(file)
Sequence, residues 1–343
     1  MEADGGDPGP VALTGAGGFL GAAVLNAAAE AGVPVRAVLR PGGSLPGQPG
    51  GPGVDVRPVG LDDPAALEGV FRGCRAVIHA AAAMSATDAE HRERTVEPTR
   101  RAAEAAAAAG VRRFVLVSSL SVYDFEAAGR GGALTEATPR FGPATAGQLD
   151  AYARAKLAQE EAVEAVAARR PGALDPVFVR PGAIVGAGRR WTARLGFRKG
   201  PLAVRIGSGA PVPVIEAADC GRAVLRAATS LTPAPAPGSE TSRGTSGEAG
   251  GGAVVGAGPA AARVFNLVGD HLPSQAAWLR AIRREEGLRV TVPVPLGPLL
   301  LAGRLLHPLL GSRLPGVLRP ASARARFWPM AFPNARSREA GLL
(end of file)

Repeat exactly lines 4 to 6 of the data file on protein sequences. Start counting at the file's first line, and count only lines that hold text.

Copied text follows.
   101  RAAEAAAAAG VRRFVLVSSL SVYDFEAAGR GGALTEATPR FGPATAGQLD
   151  AYARAKLAQE EAVEAVAARR PGALDPVFVR PGAIVGAGRR WTARLGFRKG
   201  PLAVRIGSGA PVPVIEAADC GRAVLRAATS LTPAPAPGSE TSRGTSGEAG